Bluegrass Brothers Return to Aberdeen
The best in bluegrass returns to Aberdeen Sunday, Feb. 19, with the Gibson Brothers, 2011 International Bluegrass Music Association (IBMA) Vocal Group of the Year.
The Sunday evening show will be at Poplar Knight Spot, located at 114 Knight St. in downtown Aberdeen, two blocks east of U.S. 1.
Tickets are $22 in advance, $25 on the day of the show.
The Gibson Brothers' 10th album, "Help My Brother," is the winner of the 2011 IBMA Album of the Year Award. The album follows the success of the 2009 Compass Records release "Ring the Bell," which took Song of the Year and Gospel Recorded Performance of the Year at the 2010 IBMA awards at the Ryman Auditorium.
That album was also the fifth consecutive Gibson Brothers album to hit the No. 1 spot on the Bluegrass Unlimited radio airplay chart.
Eric and Leigh Gibson grew up on a dairy farm outside of Ellenburg Depot, N.Y., in the shadows of the Adirondack Mountains. It isn't the typical beginning for a bluegrass band, but sometimes things just come together.
"My parents loved music, but they didn't play," says Eric. "My father, I think, always wanted to play, but he worked like mad from the time he was 9 years old. He was a dairy farmer. He'd go to an auction and come back with a fiddle, or they ordered a guitar and a banjo through the Sears Roebuck catalog, so we had instruments around the house but nobody knew how to play them.
"When I was 12 and Leigh was 11, we came home from school, and Dad said, 'There's a guy giving lessons at Dick's Country Store and I'd like one of you to play the banjo and one to play the guitar.'"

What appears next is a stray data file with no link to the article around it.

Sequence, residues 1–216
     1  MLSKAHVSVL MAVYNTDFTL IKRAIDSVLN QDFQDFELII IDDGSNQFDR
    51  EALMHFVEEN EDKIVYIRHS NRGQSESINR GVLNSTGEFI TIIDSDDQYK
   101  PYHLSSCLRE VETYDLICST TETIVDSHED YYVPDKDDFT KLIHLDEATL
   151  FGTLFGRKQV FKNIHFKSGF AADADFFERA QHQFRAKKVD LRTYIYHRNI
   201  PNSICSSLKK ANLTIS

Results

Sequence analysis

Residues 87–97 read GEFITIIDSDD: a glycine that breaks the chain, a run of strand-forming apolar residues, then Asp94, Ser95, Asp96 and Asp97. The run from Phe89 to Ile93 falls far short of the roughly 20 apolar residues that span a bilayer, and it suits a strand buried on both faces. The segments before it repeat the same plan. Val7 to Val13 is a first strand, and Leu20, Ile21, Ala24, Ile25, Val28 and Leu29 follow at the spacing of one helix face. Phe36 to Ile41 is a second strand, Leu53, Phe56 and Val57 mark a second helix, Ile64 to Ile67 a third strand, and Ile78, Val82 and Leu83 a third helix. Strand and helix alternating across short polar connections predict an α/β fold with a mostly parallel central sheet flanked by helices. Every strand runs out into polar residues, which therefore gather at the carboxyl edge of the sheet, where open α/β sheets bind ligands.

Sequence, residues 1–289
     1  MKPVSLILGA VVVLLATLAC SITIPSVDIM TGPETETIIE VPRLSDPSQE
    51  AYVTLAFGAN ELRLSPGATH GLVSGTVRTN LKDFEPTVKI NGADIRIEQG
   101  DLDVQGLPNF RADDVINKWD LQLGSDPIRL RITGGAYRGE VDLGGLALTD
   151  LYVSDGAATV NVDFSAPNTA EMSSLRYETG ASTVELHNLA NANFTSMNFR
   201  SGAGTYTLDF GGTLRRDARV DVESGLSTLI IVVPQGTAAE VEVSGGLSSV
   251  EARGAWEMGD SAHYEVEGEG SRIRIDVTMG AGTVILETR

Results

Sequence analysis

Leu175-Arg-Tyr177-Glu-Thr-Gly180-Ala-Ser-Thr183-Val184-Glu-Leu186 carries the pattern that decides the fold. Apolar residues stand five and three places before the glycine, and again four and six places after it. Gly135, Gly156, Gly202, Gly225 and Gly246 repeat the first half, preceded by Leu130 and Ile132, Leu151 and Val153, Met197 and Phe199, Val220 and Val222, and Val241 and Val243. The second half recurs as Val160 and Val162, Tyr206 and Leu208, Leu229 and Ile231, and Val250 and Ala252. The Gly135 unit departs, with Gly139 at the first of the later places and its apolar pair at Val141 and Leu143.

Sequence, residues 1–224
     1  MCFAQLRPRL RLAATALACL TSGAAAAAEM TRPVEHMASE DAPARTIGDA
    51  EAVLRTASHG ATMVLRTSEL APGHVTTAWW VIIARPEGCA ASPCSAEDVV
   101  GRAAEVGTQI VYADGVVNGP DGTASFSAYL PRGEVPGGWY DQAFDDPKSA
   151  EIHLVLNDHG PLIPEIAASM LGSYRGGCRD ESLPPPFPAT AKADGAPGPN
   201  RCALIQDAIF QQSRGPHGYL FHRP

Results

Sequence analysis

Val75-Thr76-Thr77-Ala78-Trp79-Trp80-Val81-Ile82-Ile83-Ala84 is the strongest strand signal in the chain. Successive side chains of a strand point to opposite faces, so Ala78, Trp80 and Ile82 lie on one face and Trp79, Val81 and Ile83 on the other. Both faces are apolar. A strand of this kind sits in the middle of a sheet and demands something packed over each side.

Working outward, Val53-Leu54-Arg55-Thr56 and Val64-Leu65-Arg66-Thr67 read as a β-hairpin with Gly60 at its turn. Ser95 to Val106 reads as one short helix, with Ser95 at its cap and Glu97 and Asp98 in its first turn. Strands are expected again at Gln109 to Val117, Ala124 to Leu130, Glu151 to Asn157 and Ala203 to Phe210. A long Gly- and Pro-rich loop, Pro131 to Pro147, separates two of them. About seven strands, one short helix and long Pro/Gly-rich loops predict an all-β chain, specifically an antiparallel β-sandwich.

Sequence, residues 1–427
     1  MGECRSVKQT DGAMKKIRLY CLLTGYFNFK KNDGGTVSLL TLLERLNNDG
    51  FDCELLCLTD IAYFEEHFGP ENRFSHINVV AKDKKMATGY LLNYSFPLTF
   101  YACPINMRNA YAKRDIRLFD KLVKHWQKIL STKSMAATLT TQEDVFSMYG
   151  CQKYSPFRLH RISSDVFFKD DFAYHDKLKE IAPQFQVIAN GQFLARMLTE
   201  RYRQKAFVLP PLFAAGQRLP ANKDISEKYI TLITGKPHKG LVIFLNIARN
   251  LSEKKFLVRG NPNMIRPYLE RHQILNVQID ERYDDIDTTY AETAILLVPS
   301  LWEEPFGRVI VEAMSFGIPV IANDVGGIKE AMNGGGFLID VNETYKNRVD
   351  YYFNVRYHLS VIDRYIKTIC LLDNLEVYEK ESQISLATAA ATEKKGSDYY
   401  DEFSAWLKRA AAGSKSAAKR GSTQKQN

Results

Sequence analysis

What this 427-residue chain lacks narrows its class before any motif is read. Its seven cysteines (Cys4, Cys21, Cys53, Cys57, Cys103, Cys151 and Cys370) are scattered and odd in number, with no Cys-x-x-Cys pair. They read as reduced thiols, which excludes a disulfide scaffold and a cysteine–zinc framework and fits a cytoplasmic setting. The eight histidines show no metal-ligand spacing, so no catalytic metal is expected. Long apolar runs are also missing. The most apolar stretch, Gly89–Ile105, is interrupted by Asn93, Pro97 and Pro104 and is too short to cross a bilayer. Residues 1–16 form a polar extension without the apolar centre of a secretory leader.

Eric chose banjo and Leigh, guitar, and the die was cast. The brothers took lessons on their instruments and began singing at the suggestion of their minister.
"We progressed at the same rate," remembers Eric. "We grew up listening to the same people and seemed to agree about what type of songs we wanted to play and our direction. We never really argued about that. If I like a song, Leigh will like it too."
They caught the bluegrass bug after their teacher introduced them to the music of Flat and Scruggs. But still they never intended to actually make it as musicians.
"I was just as much into baseball, if not more so, than music," Eric says with a laugh. "I either wanted to pitch at Yankee Stadium or play at the Grand Ole Opry, and I've gotten to do one of those. I always had monster dreams. But each year we get more and more serious about music."
By the time they were in their early 20s, the brothers began to answer the calls for them to play shows and festivals.
At the same time, Eric was having problems balancing his career as a schoolteacher with his drive to play music and took a leave of absence from teaching.
"It was hard decision," he says. "You take the safety net out from under you. We couldn't have accomplished what we've done if we hadn't gone into it full bore. To be a good teacher, it has to be your passion, but music is my passion. I always felt pulled by the music. I felt like I had to make a choice."
The Rooster's Wife is a community arts organization committed to bringing the best in live music to the Sandhills.
The doors open at 6 p.m. for this week's show, with the music kicking off at 6:45. Sandwiches from Sweet Feed are available for a light supper.
For more information, visit www.theroosters wife.org or call (910) 585-1614.
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